While scientists test claims about bathroom wipes, industry players and watchdogs argue over who's to blame for sewer clogs.
In the basement of the Center for Urban Innovation at Ryerson University in Toronto, a lone toilet sits on a raised, tiled platform. Darko Joksimovic, an associate professor of civil engineering, drops a clean bathroom wipe into the bowl and flushes. It swims down a 66-foot pipeline that includes two 90-degree turns and clears it in one go.
He then collects the soggy material and drops it into something called a slosh box. This clear tank agitates a gallon of water at a gentle 18 revolutions per minute for 30 minutes. When that’s done, Joksimovic rinses the wipe over a sieve with inch-wide holes for a minute. The material left on the sieve’s surface gets baked in an oven, and then weighed.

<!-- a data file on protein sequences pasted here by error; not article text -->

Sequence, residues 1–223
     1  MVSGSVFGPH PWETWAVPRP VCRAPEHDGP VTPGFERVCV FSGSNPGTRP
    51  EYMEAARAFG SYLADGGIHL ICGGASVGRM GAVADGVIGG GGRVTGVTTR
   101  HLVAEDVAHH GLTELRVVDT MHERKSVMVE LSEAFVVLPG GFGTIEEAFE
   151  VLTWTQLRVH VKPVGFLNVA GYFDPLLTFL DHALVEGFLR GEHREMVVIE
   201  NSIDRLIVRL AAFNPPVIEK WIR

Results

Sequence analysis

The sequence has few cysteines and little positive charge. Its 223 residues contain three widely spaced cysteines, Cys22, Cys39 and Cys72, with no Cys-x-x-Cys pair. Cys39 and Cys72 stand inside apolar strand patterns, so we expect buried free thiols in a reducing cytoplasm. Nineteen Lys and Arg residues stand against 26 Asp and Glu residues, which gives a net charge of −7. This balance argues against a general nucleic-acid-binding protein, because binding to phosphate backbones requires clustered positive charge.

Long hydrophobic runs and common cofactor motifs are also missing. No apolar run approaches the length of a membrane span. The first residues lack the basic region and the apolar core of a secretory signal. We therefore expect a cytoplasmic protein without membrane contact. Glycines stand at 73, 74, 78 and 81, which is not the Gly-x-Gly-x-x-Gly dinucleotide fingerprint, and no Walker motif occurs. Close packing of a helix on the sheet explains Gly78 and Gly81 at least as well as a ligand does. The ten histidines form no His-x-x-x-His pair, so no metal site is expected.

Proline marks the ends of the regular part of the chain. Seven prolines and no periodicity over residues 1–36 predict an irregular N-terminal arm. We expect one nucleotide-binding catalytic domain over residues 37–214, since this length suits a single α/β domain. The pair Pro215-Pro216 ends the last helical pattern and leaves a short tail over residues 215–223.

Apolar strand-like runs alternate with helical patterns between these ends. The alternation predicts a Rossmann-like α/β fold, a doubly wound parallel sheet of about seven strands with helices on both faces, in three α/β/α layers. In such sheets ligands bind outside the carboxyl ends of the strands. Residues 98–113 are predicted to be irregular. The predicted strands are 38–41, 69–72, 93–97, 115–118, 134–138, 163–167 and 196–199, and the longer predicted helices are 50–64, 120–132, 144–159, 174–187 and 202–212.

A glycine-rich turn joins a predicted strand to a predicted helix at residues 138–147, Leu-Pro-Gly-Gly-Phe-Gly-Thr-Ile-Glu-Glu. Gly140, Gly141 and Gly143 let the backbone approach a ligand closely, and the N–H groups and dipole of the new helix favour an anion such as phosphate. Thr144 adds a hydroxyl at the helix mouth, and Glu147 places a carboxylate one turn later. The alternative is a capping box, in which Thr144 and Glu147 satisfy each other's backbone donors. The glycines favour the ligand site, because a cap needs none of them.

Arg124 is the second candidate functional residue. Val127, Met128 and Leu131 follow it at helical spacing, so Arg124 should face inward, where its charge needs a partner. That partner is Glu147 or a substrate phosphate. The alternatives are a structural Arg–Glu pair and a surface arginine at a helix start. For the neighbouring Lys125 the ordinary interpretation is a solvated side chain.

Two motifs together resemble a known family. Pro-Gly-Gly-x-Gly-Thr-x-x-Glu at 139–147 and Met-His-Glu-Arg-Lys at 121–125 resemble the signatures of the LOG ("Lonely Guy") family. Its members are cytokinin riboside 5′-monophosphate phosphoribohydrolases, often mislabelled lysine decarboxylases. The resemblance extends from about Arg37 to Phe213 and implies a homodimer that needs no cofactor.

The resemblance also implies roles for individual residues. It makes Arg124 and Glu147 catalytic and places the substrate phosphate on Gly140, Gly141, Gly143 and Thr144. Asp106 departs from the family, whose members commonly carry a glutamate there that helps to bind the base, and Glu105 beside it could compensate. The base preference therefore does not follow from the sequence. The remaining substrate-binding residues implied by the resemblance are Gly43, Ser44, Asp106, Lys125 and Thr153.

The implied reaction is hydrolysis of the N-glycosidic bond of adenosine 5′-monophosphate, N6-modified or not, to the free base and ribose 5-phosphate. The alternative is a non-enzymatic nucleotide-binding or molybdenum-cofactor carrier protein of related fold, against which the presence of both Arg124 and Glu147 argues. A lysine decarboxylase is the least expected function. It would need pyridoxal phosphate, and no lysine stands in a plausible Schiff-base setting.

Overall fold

If 95 percent of the material slips away through the holes, Joksimovic will rate it as flushable.
This particular test is on a private-label wipe from a Canadian drug store chain. Only 13 percent of the wipe, which is labeled flushable and designed to be used in the bathroom instead of toilet paper, dispersed after this one-hour test. “It fails,” he says. “Everyone claims their products are flushable. What we are doing is testing these claims.”
Barry Orr, sewer outreach and control inspector for the city of London in Ontario, says many personal wipes don’t fall apart in sewers and can twist and become stronger, clogging pipes and sewer pumps, while attracting other materials to them, creating so-called fatbergs — congealed masses of flushed items that float, destructively, through sewers